Clinton's Friends Whet Their Knives


December 24, 1992|By TONY PROSCIO

MIAMI — Miami. -- Theresa Funiciello, firebrand agitator for the rights o welfare recipients, once howled in the face of a New York welfare commissioner: ''Don't talk to me about clients' obligations! Read the law, mister! Welfare is an entitlement. The obligations are yours!''

The year, I think, was 1982, barely 18 months into the first Reagan term and hardly the best time for welfare-rights types. Yet the commissioner, a burnt-out public servant acquainted with grief, merely shook his head.

As a legal matter, she was right. Entitlement wasn't just the law; it was the prevailing principle of a (slowly dying) political era.

The balance between obligations and entitlements in social welfare programs has been shifting ever since.

Here and there, state and federal laws have piled on work requirements, time limits and penalties for anti-social behavior, such as failure to show up for job interviews or children who frequently skip school.

But most states still consider welfare an unqualified entitlement for at least one class of recipient: infants and (necessarily) their mothers. Most states are reluctant to withdraw support even from the most uncooperative recipients when the result might endanger the children.

Yet by invoking a ''new covenant'' in his campaign, Bill Clinton has raised the notion of shared obligation to the level of a governing principle.

Is he now prepared to cross the final frontier and tighten obligations on mothers with young children?

And if he harbors such ideas, will liberals in his party acquiesce or smear him with accusations of racism, as they have done to others with similar ideas?

Welfare is not the only target at which Mr. Clinton has aimed the arrow of shared obligation.

His college aid plan, for example, would offer student loans to almost anyone, but it then would require some form of national service from all those who are unable or unwilling to repay the loans promptly.

Some public-employee unions fear that ''national service'' would mean giving union jobs away, at lower wages, to newly credentialed yuppies. And when unions are unhappy, plenty of Democrats dive for cover.

In reforming welfare, Mr. Clinton has said, for example, that he would cut off federal support if recipients don't take a job within two years.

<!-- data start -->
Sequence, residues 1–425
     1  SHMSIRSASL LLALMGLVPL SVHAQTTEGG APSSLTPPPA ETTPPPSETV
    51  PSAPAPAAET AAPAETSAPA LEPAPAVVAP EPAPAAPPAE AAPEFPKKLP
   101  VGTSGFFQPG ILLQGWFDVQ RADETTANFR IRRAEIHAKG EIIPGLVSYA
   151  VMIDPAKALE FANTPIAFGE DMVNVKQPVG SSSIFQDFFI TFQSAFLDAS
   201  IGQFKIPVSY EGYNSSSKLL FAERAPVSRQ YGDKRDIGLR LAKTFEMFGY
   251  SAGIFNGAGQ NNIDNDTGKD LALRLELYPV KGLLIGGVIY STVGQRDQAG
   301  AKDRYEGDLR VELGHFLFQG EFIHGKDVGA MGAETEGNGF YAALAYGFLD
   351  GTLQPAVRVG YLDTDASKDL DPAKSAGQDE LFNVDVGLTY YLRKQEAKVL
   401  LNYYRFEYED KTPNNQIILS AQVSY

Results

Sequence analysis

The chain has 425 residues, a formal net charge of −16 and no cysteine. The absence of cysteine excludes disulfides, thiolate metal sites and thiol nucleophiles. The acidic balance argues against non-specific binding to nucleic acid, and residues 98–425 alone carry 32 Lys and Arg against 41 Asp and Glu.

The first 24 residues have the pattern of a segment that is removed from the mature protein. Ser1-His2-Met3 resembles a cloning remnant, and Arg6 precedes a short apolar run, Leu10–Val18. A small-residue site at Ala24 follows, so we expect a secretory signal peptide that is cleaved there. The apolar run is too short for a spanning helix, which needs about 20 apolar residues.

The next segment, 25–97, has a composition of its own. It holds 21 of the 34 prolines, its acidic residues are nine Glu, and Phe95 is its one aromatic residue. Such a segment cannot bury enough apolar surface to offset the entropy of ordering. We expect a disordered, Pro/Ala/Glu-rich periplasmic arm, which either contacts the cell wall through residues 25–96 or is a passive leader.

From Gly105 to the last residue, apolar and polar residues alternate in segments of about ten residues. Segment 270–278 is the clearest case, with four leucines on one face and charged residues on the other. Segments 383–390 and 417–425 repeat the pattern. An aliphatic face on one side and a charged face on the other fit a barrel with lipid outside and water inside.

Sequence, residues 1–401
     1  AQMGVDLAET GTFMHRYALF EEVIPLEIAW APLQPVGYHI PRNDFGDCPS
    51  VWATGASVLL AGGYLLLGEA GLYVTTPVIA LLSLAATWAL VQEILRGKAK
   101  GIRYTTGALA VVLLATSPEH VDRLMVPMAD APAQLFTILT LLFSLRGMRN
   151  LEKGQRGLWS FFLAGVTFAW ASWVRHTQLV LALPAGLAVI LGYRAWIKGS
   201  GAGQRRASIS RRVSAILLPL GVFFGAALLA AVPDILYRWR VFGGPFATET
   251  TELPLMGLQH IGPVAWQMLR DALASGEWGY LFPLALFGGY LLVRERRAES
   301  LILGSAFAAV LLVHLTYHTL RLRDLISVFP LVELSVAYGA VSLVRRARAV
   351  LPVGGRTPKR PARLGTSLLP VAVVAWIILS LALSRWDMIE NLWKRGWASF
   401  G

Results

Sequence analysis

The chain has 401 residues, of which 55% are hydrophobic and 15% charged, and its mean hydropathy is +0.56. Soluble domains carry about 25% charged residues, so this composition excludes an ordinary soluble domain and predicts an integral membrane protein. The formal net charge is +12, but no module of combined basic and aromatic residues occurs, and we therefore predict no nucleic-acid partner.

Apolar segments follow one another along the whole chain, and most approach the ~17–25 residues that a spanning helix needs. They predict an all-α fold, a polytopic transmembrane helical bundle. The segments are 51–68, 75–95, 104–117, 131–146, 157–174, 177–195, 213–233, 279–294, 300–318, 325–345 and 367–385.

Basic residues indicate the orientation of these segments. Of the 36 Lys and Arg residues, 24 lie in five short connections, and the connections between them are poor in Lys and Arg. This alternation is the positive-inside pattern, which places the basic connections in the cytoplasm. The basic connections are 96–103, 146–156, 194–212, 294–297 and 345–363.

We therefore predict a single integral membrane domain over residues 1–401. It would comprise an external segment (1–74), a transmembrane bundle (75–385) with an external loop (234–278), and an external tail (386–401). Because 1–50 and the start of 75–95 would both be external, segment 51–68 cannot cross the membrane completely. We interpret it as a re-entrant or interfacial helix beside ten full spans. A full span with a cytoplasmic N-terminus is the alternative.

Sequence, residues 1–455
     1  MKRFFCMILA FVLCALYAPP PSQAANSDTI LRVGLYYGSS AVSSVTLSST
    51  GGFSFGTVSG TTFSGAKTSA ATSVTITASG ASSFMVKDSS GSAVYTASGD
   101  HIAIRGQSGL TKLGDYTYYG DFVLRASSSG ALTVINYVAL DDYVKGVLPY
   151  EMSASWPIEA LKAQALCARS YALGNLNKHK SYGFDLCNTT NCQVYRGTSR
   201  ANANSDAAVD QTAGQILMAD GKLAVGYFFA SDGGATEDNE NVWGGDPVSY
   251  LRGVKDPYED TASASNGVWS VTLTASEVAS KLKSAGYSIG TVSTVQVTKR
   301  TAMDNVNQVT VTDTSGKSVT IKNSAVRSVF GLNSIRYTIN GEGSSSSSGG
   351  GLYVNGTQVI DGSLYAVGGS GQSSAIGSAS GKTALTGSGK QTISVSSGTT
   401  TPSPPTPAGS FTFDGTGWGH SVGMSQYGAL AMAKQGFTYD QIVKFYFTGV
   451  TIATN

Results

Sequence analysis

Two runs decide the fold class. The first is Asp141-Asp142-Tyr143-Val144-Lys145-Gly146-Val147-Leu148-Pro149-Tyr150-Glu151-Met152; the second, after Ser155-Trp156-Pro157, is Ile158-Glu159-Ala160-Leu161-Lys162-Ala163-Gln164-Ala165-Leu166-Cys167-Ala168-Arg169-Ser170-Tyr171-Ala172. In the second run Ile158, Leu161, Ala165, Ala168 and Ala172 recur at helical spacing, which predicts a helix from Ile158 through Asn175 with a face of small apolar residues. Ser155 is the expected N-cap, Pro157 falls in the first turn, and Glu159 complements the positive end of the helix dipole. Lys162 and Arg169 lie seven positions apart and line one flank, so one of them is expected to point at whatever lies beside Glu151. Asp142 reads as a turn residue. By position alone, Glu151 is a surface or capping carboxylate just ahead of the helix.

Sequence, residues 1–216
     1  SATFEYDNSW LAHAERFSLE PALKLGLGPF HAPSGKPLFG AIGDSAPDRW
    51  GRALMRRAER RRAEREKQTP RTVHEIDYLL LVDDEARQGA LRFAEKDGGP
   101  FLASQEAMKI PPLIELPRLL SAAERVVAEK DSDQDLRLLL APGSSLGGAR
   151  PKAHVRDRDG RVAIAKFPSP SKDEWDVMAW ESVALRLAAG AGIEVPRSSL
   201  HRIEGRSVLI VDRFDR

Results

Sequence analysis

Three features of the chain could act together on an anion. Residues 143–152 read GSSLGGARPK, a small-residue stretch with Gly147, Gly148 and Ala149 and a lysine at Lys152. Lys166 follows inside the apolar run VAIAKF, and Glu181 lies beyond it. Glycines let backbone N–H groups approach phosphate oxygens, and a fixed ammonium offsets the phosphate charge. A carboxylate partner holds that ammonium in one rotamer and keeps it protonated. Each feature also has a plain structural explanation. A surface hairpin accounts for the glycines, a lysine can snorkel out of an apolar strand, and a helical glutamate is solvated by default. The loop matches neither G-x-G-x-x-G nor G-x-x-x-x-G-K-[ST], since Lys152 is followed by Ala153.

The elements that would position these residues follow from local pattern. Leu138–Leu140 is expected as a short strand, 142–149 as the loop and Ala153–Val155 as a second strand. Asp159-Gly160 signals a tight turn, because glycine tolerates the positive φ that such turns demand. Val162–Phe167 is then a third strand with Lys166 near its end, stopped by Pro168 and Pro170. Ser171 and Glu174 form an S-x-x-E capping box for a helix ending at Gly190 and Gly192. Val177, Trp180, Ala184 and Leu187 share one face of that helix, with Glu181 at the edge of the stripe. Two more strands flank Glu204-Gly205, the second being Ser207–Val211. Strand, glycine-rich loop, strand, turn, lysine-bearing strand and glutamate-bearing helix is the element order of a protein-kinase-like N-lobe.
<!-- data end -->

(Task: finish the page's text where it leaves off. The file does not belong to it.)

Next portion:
Is he prepared to pay for day care for their children while they're in training or at work?

Or to put recipients in public-service jobs if they don't find work on their own? Neither day care nor jobs come cheap. Both are political dynamite.

Only one prominent Democrat, Sen. Daniel Patrick Moynihan of New York, has dared to embrace welfare reform as a personal cause. A Moynihan protege, Paul Offner, is frequently mentioned as a possible welfare chief under the next secretary of health and human services. If he gets the job, that would be a good sign that Mr. Clinton means to try something ambitious.

But among organized labor and the Democrats' more liberal wing, there's already a price on Mr. Offner's head.

With friends like that, Mr. Clinton might be better off looking across the partisan aisle for support.

Some GOP staffers see a historic chance for the new president to prove on this issue that he's more concerned with principle than party. They draw parallels to Richard Nixon's voyage to China. Mr. Clinton, they say, could lead his party and the nation where an ideological conservative never could.

''We want him to know that we're with him on this,'' a Capitol Hill Republican told me, ''and we're reasonable people. If they want to talk, we're ready.''

It would be dangerous, though, for an incoming Democratic president to irritate his party's base, as that kind of strategy might.

Jimmy Carter's feud with liberals and organized labor helped hustle him out of the White House. Mr. Clinton has studied that experience, and he has no intention of repeating it.

Last month Senator Moynihan wrote that welfare reform -- in fact, the whole regimen of shared obligation -- ''could be the most important domestic initiative of the Clinton administration.'' That's no exaggeration. But it could also be the most dangerous.

Somewhere, I imagine, Theresa Funiciello and a militant army of entitlementarians are out there, waiting.

And their long knives even now are being laid to the whetting stones. Bill Clinton seems to have a clear vision of the path that lies ahead of him. But he'd better be watching his back.

Tony Proscio is associate editor of the Miami Herald.

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